I have a love/hate relationship with library signage.
Part of my job as a marketing professional in a major metropolitan public library is to conduct signage evaluations and to make changes or improvements to the signs in our 41 locations. As a customer, I know how helpful the right kind of signage can be, and my perspective as a customer helps me to understand the importance of the task. But to be honest, it’s probably one of my least favorite job requirements. That’s because I’ve found that signs seem like a simple thing but are, in truth, very complicated. My coworkers and my cardholders have passionate feelings about them.
Good signage serves as a silent employee to draw cardholders to your location, direct traffic inside your building, and answer basic customer questions. Signs can actually be a part of your library’s overall strategy and should certainly be worked into your marketing strategy each year. Ask yourself: What are your library’s overall goals, and how can signs help to meet those goals?
The task of tackling your library’s signage is much easier when you have brand specifications documented. The color, size, and language should be consistent throughout the building and multiple locations. Once you have that document created and have decided how signage will help you to execute your library’s goals, here are five tips to keep in mind as you work on signage for each building.
Tip #1: Less is more. Too many signs in a branch, particularly in a small location, can create clutter and can actually cause confusion. And too much signage can actually annoy your cardholders, particularly if most of your signs are bombarding them with marketing messages. Just as white space works to create breadth and depth for a website or a graphic, well-spaced signage in a branch creates flow. About 75 percent of the signs in your library locations should be wayfaring only–directing cardholders to important service points in the building. The other 25 percent can be selective marketing–promoting services and items that are of interest to your cardholders or that might be of interest to them, based on their patterns of checkout.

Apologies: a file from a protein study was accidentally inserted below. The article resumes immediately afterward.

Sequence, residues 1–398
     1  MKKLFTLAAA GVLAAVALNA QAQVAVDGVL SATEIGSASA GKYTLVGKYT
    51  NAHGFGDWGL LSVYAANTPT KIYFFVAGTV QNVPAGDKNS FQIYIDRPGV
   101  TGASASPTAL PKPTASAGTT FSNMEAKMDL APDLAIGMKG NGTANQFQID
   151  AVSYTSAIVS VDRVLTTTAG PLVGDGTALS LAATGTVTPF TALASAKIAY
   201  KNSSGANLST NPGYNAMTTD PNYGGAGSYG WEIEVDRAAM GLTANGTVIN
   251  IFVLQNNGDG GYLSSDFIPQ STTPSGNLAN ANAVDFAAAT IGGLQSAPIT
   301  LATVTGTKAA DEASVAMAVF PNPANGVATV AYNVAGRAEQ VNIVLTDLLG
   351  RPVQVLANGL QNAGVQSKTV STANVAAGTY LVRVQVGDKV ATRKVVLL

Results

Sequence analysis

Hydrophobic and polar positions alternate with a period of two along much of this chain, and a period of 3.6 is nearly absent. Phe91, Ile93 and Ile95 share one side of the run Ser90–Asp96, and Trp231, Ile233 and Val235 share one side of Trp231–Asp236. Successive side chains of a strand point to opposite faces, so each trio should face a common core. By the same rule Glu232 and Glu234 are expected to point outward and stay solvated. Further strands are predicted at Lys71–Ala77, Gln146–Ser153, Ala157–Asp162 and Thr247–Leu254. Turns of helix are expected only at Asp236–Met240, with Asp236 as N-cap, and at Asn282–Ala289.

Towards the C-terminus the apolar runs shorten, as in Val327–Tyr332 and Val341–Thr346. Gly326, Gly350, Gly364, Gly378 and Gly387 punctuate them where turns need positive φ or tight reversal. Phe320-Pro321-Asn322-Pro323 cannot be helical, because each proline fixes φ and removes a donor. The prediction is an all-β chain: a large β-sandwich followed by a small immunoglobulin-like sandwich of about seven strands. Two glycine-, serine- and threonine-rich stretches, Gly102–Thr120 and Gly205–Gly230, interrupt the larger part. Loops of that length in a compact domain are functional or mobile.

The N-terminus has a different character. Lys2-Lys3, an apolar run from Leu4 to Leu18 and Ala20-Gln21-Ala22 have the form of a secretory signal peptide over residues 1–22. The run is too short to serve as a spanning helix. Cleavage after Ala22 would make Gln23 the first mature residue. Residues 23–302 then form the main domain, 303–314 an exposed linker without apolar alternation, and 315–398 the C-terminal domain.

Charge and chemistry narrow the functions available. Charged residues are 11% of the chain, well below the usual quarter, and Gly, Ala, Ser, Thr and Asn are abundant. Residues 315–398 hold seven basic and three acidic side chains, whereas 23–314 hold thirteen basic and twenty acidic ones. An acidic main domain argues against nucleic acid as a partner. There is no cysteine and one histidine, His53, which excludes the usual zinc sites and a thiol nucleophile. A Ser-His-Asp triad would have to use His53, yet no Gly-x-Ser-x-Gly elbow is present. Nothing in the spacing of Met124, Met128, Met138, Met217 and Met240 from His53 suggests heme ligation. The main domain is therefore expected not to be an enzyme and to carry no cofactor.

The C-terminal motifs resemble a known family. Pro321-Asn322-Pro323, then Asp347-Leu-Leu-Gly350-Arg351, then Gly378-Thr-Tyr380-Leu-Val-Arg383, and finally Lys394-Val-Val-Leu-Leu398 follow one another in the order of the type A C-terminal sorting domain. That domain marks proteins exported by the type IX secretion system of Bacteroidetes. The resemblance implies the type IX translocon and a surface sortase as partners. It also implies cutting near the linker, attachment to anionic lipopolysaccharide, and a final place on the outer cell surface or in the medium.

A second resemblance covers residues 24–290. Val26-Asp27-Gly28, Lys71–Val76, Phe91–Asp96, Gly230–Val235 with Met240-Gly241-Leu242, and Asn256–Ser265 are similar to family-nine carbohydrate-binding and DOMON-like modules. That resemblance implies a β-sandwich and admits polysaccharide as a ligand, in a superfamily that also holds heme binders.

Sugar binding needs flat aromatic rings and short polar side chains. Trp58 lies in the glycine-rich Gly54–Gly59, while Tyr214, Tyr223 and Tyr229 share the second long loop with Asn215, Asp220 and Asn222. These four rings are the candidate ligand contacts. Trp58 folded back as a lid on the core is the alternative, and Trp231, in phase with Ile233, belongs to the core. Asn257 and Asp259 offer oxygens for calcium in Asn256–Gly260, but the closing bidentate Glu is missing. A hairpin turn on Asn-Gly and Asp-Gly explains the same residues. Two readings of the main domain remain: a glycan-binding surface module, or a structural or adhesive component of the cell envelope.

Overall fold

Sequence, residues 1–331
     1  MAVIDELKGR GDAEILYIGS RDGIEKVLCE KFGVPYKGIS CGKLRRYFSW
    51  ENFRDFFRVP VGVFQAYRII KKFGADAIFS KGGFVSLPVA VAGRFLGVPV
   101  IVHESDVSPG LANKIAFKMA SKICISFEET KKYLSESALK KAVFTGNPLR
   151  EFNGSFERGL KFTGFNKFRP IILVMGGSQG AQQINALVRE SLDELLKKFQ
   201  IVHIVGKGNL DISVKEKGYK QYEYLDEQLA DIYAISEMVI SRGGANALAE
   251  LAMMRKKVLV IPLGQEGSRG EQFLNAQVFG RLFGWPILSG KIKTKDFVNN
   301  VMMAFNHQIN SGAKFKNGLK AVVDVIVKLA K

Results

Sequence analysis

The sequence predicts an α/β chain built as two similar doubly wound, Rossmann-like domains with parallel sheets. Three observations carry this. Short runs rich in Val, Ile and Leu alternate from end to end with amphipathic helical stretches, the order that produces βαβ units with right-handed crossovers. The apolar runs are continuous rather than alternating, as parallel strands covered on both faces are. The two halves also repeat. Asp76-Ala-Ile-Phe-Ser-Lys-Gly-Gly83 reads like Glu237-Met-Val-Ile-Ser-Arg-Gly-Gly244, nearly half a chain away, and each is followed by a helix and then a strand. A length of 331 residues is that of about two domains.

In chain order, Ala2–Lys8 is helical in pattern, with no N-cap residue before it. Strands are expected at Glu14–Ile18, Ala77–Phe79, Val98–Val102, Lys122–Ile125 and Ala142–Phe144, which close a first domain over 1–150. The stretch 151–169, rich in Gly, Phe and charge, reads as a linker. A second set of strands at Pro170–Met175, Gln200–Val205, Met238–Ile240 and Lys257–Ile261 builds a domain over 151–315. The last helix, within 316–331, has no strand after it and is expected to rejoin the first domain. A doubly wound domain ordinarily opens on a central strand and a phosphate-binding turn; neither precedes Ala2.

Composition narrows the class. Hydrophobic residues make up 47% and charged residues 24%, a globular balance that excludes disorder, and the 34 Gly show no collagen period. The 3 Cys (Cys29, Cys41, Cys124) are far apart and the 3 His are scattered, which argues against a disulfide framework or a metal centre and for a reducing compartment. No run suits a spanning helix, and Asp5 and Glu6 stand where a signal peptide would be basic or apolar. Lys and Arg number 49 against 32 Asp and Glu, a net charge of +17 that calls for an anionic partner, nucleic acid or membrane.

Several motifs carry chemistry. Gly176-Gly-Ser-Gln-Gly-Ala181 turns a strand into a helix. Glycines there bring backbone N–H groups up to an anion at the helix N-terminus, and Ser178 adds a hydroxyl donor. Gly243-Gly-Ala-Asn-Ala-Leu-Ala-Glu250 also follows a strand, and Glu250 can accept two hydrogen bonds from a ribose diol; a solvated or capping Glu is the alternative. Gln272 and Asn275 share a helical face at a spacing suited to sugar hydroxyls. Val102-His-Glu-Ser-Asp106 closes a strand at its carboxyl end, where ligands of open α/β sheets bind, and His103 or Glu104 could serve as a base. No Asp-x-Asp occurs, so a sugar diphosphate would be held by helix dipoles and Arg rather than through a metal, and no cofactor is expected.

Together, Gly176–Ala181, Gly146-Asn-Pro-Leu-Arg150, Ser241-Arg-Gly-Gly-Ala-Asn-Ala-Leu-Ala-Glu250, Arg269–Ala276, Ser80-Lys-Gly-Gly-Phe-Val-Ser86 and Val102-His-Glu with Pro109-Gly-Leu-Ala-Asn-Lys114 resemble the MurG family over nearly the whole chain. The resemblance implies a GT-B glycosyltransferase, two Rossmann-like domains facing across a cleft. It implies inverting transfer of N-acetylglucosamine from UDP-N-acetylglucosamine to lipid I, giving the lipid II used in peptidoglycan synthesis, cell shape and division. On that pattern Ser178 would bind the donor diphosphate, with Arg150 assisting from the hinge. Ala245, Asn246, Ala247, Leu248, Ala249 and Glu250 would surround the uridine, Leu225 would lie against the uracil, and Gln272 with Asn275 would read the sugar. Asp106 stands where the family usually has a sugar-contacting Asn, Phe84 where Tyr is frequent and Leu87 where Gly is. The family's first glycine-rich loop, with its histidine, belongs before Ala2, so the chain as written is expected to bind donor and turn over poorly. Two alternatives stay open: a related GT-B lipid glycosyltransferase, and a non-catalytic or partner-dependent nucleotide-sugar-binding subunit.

Tip #2: Match the signage display to the user of each physical space. Make sure that in your children’s area, the signs, shelves, and computers are all lowered to be a child’s level. Create larger signs for the section that holds your large print items. Place teen signs where the teens hang out, like near charging stations or computers. Use a combination of large and small signs to blend with the space requirements in your library and to keep your signage from becoming monotonous, without being overpowering. Use a bold font and keep colors and designs simple.
Tip #3: Your library materials make the best displays. Use them instead of signs. Think about how your local bookstore will display books. They often turn them front-facing. Why? Book covers are a visual cue and publishers spend thousands of dollars creating beautiful and eye-catching covers. Use these designs to create a visually pleasing display instead of a sign. A good display will not even need a sign–it should be obvious to the cardholder what you are trying to market to them.
Tip #4: Use customer-friendly, positive language. Cardholders prefer conversational language in all our marketing, so it makes sense to incorporate that into your signage. Some examples are:
Replace self-check or circulation with checkout.
Replace reference with information.
Replace periodicals with magazines.
Replace juvenile with children’s and teens.
I know this is controversial but I’m saying it anyway. Drop the Dewey decimal system from your end panels and arrange your fiction and nonfiction items alphabetically. And incorporate positive language into your signs. Don’t tell customers what they can’t do. Rather, tell them what they can do or how they can enjoy a particular space or item in the collection.
Tip #5: Don’t forget the signs on the outside of your building. Your main sign should say LIBRARY in large letters. Save the actual name of the building, particularly if it’s a long name, for smaller letters by the door. Make sure your open and close times are large and clear and in an easy to spot location. The same goes for the signage for any outdoor services like book drops or drive-thru windows. Make sure the signs are as large as is allowed by your local government.
Bonus tips: Don’t rely on signs to convey everything you want to tell the customer. Hire staff who are willing to speak with customers and show customers where items are located with patience and kindness. And set a schedule for re-evaluating and refreshing your signage–once a year, if you can handle it.
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